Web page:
state history) and completed 25
touchdowns passes. The right-
hander runs the 40 in 5.0 seconds.
Orlando WhHaker, a 6-1,175-
pound quarterback from Battle-
boro, N.C rounds out the list tor
quarterback recruits Whitaker,an
honor student, completed 41 (if
160 passes his senior season for
1,545 yards and 23 touchdowns at
North Edgecome High School. I lis
W7 career touchdown passes is a
N.C. state record, and chose the
Pirates over Alabama and West
Virginia. Hisbrother, Jeffrey, plays
basketball tor ECU.
Dion ohnson, a 5-9, 170-
pound wide receiver from C of
feyville (KS) Community College
caught 4h passes tor 428 yards and
12 touchdowns last season. In high
school, Johnson returned four
punts and six kickoffs back for
fbnv Worthan, a 6-4, 255-
pound transfer from Northeast
em Oklahoma A&M signed as t
defensive lineman The Atlanta.
Ga native also entered at th.
beginning ot the spring semester
and has two vears ot eligibihtv
Derrick I eaphan, a 6-4, 295-
pound center from Southwest
Decalb High School, chose ECl
over South Carolina, Duke and
Wisconsin. He was named one of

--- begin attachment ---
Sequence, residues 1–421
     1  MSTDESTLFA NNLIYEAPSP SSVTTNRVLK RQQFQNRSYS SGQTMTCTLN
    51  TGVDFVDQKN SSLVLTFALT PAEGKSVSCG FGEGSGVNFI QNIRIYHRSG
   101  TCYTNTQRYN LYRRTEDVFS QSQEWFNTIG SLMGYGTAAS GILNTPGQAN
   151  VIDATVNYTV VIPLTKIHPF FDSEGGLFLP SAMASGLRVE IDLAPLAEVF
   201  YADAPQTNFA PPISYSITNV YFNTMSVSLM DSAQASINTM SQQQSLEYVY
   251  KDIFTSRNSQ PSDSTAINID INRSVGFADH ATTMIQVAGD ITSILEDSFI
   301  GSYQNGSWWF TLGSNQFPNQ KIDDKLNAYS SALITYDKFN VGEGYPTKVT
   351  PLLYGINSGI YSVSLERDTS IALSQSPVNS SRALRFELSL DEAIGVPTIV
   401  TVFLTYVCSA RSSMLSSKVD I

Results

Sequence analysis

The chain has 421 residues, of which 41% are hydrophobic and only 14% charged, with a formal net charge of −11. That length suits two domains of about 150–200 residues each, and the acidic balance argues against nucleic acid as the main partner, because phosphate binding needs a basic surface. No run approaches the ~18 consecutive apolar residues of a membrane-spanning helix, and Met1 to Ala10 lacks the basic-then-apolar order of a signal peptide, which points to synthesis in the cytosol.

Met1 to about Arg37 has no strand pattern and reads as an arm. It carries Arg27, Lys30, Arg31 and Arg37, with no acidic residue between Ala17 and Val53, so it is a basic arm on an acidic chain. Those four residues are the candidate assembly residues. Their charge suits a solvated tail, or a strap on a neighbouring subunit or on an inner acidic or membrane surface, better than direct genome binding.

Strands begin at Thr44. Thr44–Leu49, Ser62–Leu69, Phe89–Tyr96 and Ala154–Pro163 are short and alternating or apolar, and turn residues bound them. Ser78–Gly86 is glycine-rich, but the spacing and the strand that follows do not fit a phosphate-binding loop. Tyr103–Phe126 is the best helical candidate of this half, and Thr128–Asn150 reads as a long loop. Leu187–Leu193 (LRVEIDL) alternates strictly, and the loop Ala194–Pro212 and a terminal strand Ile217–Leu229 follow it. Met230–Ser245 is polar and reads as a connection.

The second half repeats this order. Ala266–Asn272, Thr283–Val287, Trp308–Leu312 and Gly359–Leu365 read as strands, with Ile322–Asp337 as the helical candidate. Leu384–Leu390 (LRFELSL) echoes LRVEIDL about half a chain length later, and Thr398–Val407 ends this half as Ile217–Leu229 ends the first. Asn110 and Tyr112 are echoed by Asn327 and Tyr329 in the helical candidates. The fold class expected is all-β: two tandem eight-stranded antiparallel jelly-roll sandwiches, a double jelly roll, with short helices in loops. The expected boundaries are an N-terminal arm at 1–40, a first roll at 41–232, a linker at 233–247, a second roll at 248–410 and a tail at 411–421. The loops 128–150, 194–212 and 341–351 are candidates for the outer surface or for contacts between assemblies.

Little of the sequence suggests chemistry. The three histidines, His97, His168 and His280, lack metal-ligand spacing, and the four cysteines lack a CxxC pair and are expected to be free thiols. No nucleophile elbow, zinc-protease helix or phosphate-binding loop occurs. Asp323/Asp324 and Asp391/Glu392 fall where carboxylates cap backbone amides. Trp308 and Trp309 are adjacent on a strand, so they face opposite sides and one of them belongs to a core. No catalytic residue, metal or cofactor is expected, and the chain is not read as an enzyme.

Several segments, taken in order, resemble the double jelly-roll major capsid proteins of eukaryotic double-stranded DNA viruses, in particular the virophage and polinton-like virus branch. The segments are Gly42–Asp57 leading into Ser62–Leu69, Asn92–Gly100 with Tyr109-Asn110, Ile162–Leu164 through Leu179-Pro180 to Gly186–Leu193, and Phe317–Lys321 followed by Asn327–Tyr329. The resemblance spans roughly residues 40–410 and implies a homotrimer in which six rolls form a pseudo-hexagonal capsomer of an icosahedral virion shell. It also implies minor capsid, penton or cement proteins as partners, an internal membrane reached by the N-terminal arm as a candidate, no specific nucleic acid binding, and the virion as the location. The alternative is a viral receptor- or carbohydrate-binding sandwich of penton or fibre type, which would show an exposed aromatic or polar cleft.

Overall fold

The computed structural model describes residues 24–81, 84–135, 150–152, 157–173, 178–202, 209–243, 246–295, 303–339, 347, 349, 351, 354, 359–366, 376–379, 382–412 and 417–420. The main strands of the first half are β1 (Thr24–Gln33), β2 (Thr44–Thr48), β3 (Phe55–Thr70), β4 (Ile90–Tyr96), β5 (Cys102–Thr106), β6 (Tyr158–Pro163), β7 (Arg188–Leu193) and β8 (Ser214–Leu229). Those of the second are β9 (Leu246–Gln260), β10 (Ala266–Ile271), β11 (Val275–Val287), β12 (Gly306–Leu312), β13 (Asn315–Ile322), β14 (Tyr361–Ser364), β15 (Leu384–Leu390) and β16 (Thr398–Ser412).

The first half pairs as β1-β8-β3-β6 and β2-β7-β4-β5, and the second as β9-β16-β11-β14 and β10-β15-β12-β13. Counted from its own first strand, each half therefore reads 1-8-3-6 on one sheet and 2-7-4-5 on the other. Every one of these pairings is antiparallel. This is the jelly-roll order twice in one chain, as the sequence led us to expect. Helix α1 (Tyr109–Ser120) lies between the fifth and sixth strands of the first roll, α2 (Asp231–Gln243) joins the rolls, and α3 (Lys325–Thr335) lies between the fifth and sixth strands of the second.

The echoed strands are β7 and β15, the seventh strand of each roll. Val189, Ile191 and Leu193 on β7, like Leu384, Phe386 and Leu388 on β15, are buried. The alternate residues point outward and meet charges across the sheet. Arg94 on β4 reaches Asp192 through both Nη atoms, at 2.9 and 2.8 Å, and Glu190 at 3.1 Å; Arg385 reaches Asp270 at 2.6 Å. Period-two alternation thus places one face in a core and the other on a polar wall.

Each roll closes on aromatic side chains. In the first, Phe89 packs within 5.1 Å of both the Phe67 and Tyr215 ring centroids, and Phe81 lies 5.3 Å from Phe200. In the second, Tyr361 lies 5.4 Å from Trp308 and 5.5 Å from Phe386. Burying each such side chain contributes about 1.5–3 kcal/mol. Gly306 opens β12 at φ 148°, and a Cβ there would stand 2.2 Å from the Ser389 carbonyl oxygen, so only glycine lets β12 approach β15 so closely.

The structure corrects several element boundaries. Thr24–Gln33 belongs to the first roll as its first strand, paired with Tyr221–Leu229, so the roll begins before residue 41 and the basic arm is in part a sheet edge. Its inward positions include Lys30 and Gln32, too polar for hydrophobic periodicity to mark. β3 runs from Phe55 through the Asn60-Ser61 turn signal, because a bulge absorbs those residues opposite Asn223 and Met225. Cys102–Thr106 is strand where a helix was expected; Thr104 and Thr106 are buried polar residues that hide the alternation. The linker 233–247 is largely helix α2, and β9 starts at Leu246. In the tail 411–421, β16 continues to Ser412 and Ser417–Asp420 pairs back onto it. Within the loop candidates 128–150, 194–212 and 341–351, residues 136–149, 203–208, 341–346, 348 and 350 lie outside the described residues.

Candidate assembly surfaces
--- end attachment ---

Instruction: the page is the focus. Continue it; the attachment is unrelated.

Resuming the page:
the Top 25 prep players by the
Atlanta journal Constitution in
Brandon (ash, a 6-1, 200
pound wide receiver from Semi
note I iigh School in Sanford, Fla
caught 44 passes for 838 yards and
13 touchdowns his senior season
HechoseEC 11 over Florida, Hous-
ton, Pittsburgh and Minnesota
See Recruits, page 16
Brown, Jenkins lead sluggers into new season
By Frank Reyes
Staff Writer
When the sprinklers begin to
wet down Harrington -lA. th
meansonly one thing; ECU base-
ball is iist around the corner.
The Pirates head into the 1990
season with six returning starters
from last year's squad The team
will look to senior tirst baseman
Calvin Brown (.340, 11 HRs, 44
RBI last season) for the main source
of power. Brown batted 4h8 with
men in scoring position last year
and was named to the 1989 All
Colonial Athletic Association
Team. He is now currently third
on the FCC all-time RBI list with
125. "My personal goal this year is
to go out and play well every
day Brown said.
Brownwaduubokd-pLvvi rn
defense. He is ranked fourth in
career putouts at ECU with 704.
Although Brown says he like to
keep improving on hisdefense, he
has another goal in mind: finish
the season with no errors .it tirst
Sophomore lommy Eason
I 25,9 ! IRs, 12 RBI) will return as
the starting catcher. Eason made
the 1989 All CAATeamasa fresh-
man. I le also lead the team in hits
last vear with 55.
Senior ohn Adams (346, 5
HRs) will be the left-fielder.
Adams ranks third in career bat-
ting at ECU with a .335 batting
average. 1 le also was named to the
1989 All -CA A learn.
"My goal is to have a good